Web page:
Tenant Panels and social media.
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Bromford's Executive Director Philippa Jones gives her view on the place of tenant panels at a time when social media has become so important. Originally featured in Inside Housing on 20 April 2012.
I read with interest Abigail Davies' comment in Inside Housing regarding the potential "regulatory gap" left by the new regulatory framework for social landlords.
I agree with Abigail that with the regulator now stepping back from most customer service issues it's important for "co-regulation "between landlords, their tenants and the regulator to work effectively. But the idea that tenant involvement has to be via mechanisms like Tenant Panels, however selected or elected, feels alienating and bureaucratic when new technology like social media makes it easier than ever before for tenants to have an ongoing and immediate dialogue with their landlord.
The recent report into last summer's riots criticised public services for failing to adopt social media as a means of engaging with wider communities and a new generation of citizens.
So whilst we at Bromford do have our formal structures for customer influence and complaints we are starting to supplement this now with much more effective conversations with large numbers of customers using a range of social media. That way we can more often get things right to start with and when things do go wrong for someone they can easily get access to the right person to sort it out.
A transparent and open relationship with our customers can give everyone the opportunity for real and rapid influence - if you can have your say at any time, isn't this more engaging than attending a meeting or voting for someone else to do so on your behalf?
A Bromford customer who wants to change how we do things can follow us on Twitter, link up with their Support Worker or Housing Manager on Facebook or share opinions with other customers and find solutions. If we can make it that easy then wouldn't most people choose that way?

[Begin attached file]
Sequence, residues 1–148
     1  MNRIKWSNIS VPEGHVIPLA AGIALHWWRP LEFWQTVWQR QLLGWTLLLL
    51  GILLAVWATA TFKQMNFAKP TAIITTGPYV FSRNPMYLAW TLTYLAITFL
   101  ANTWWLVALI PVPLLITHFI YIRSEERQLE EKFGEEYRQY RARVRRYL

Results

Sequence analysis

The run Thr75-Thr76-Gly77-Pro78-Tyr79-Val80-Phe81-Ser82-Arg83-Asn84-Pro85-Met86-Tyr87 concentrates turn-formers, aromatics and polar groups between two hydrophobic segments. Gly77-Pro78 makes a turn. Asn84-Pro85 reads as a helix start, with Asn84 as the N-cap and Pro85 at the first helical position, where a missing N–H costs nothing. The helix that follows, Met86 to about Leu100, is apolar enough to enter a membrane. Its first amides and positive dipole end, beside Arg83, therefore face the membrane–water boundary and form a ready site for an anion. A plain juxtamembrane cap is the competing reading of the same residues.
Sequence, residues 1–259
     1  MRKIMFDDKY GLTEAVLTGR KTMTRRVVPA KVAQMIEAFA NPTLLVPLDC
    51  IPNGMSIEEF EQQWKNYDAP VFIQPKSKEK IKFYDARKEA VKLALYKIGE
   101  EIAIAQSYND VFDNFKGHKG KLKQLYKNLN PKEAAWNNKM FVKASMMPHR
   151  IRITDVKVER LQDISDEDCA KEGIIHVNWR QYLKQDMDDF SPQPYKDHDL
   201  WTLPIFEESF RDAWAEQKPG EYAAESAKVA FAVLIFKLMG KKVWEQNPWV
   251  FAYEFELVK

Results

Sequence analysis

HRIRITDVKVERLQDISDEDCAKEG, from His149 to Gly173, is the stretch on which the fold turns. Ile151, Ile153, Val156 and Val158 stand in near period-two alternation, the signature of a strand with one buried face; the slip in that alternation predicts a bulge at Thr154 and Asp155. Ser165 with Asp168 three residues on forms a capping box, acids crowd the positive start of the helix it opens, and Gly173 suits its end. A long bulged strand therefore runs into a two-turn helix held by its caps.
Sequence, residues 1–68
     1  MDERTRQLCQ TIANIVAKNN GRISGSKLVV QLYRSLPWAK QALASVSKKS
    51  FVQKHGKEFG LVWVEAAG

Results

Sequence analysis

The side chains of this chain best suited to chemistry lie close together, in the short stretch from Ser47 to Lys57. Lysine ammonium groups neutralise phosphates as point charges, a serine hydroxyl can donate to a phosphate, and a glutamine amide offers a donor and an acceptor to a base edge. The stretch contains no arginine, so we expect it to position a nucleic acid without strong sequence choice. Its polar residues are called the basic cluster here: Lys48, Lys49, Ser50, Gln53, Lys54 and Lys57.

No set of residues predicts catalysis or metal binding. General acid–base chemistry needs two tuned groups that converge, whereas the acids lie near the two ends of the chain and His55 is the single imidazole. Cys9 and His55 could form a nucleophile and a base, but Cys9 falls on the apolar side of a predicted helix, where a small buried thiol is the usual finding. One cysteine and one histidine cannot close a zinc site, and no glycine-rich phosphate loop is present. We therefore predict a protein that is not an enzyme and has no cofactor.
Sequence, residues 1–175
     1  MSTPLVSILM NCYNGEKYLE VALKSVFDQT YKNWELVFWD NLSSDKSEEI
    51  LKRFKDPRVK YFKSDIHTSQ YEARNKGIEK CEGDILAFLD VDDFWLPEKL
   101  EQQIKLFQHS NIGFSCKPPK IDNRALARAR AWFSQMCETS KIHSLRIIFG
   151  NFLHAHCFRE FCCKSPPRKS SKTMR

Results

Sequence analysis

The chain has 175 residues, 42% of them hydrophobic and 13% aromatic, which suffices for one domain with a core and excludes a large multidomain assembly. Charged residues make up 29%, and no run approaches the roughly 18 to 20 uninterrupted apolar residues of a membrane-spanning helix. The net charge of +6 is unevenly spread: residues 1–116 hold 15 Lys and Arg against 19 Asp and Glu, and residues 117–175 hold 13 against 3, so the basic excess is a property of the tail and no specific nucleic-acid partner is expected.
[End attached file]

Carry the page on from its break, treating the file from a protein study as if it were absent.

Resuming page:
We know there are barriers and not everyone can yet use online channels but this is changing fast and we are working hard to identify solutions to help all our customers get online and use those services confidently. And of course people can still phone or write to us too.
We hope customers will use active involvement with us to help them meet wider personal aspirations too, perhaps gaining the skills and confidence to get them into work, or volunteering or even the skills to set up a business. Being an involved tenant should be a pathway to your own goals.
Of course we do also work more intensively with a small group of dedicated customers who engage in projects, carry out audits and have an instant voice using their own Yammer social media site. They can talk to key Bromford managers at any time and can trigger customer inspections, read information and be much more immediately involved.
Alongside that, by opening influence to all customers, we have a greater representation of our customer base giving us their views. Online conversations can open up topics of interest; we pioneered live twitter debates during our Customer Influence Group (CIG) meetings and opening our CIG members up to direct conversations with other customers and housing professionals.
We have spent time developing our specific interest groups using Facebook and Twitter; making influence relevant to people locally is what triggers interest. The content is driven by its users and not us, providing opportunities for tenants to voice their experiences and thoughts and to collaborate together on new ideas. They no longer need their landlords or a regulator to organise them into panels.
-Philippa Jones, Executive Director, Bromford